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Date:   Thu, 15 Feb 1996 16:27:57 -0700
Reply-To:   "Raymond V. Liedka" <liedka@UNM.EDU>
Sender:   "SAS(r) Discussion" <SAS-L@UGA.CC.UGA.EDU>
From:   "Raymond V. Liedka" <liedka@UNM.EDU>
Subject:   Re: PRINQUAL in SAS?
Comments:   To: * AHIRU NO PEKKLE * <>
In-Reply-To:   <>

On Thu, 15 Feb 1996, * AHIRU NO PEKKLE * wrote:

> > I'm looking for the underlying theorem of the option UNTIE in the > SAS procedure PRINQUAL. Is there any book or paper discussing it > and also its applications?? > > How does it deal with those missing data? >

There is a SAS Technical Report R-108 that can be ordered (probably <$5) from SAS publications. This report is entitled: "Algorithms for the PRINQUAL and TRANSREG Procedures."

On page 2, it reads:

" The PRINQUAL procedure (principal components of qualitative data) is a data transformation procedure that is based on the work of Kruskal and Shepard (1974); Young, Takane, and de Leeuw (1978); and Winsberg and Ramsay (1983)."

On page 3, it reads:

" * For all transformations, missing data can be estimated without constraint, with category constraints (that is, missing values within the same group get the same value), and with order constraints (that is, missing value estimates in adjacent groups can be tied to weakly preserve a specified ordering) (Gifi, 1981; Young, 1981; Kuhfeld and de Leeuw, in preparation)."

On page 4, it reads:

" The UNTIE transformation (Kruskal, 1964, primary approach to ties) uses the same algorithm on the means of the nonmissing values (1 2 3 4 6 4 5 6 7)' but with different results for this example: 1<2:OK, 2<3:OK, 3<4:OK, 4<6:OK, 6>4: average 6 and 4 and replace 6 and 4 by the average. The new means of the nonmising values are (1 2 3 4 5 5 5 6 7)'. The check resumes: 4<5:OK, 5=5:OD, 5=5:OK, 5<6:OK, 6<7:OK. If some of the special missing values are ordered, the upward checking, downward averaging method is applied to them too, independently of the other missing and nonmissing partitions. Once the means conform to any required category or order constraints, an optimally scaled vector is produced from the means. The following example results from a MONOTONE transformation:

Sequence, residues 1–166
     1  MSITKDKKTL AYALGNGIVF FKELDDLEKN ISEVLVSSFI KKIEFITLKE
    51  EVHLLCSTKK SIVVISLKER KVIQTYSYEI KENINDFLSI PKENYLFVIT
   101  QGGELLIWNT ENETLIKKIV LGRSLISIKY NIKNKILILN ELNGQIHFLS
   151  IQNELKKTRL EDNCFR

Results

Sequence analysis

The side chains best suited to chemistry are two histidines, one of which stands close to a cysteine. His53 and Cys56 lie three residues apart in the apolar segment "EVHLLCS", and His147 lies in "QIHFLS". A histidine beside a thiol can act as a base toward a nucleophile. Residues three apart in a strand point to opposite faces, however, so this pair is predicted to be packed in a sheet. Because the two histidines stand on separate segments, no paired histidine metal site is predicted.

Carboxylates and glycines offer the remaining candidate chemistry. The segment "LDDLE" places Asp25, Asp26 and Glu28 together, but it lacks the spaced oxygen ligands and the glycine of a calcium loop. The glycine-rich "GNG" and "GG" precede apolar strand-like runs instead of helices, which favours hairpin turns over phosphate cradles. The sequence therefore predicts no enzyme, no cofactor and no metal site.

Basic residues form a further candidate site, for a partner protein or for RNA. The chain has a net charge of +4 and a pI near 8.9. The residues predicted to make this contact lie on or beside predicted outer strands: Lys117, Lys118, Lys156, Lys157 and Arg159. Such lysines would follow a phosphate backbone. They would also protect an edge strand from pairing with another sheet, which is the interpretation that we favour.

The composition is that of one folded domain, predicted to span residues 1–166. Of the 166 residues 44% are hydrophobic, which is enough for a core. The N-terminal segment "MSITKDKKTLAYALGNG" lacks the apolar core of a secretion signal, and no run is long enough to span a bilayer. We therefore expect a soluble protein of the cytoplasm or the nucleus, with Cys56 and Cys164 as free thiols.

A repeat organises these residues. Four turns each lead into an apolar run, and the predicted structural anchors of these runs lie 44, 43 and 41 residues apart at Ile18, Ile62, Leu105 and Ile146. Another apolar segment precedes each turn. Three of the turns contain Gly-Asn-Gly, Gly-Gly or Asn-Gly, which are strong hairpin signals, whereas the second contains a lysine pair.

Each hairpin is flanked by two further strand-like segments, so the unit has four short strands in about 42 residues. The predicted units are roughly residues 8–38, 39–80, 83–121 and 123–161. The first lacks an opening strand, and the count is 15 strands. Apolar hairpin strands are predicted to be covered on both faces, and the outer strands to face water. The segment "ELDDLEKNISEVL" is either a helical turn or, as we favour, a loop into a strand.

X: (. . .A .A .B 1 1 1 2 2 3 3 3 4)' Y: (5 6 2 4 2 1 2 3 4 6 4 5 6 7)' result: (5 6 3 3 2 2 2 2 5 5 5 5 5 7)' "


Gifi, A. (1981) _Nonlinear Multivariate Analysis_. Department of Data Theory, The Netherlands: The University of Leiden. (this has since been published as a book)

Kruskal, J.B. (1964) "Multidimensional Scaling By Optimizing Goodness of Fit to a Nonmetric Hypothesis," _Psychometrika_, 29: 1-27.

Kruskal, J.B., and Shepard, R.N. (1974) "A Nonmetric Variety of Linear Factor Analysis," _Psychometrika_, 38: 123-157.

Kuhfeld, W.F., and de Leeuw, J., "Optimal Scaling of Partitioned Variables," (in preparation).

Winsberg, S., and Ramsay, J.O. (1983) "Monotone Spline Transformations for Dimension Reduction," _Psychometrika_, 48: 575-595.

Young, F.W. (1981) "Quantitative Analysis of Qualitative Data," _Psychometrika_, 46: 357-388.

Young, F.W., Takane, Y., and de Leeuw, J. (1978) "The Principal Components of Mixed Measurement Level Multivariate Data: An Alternating Least Squares Method with Optimal Scaling Features," _Psychometrika_, 43: 279-281.

Raymond V. Liedka Department of Sociology University of New Mexico

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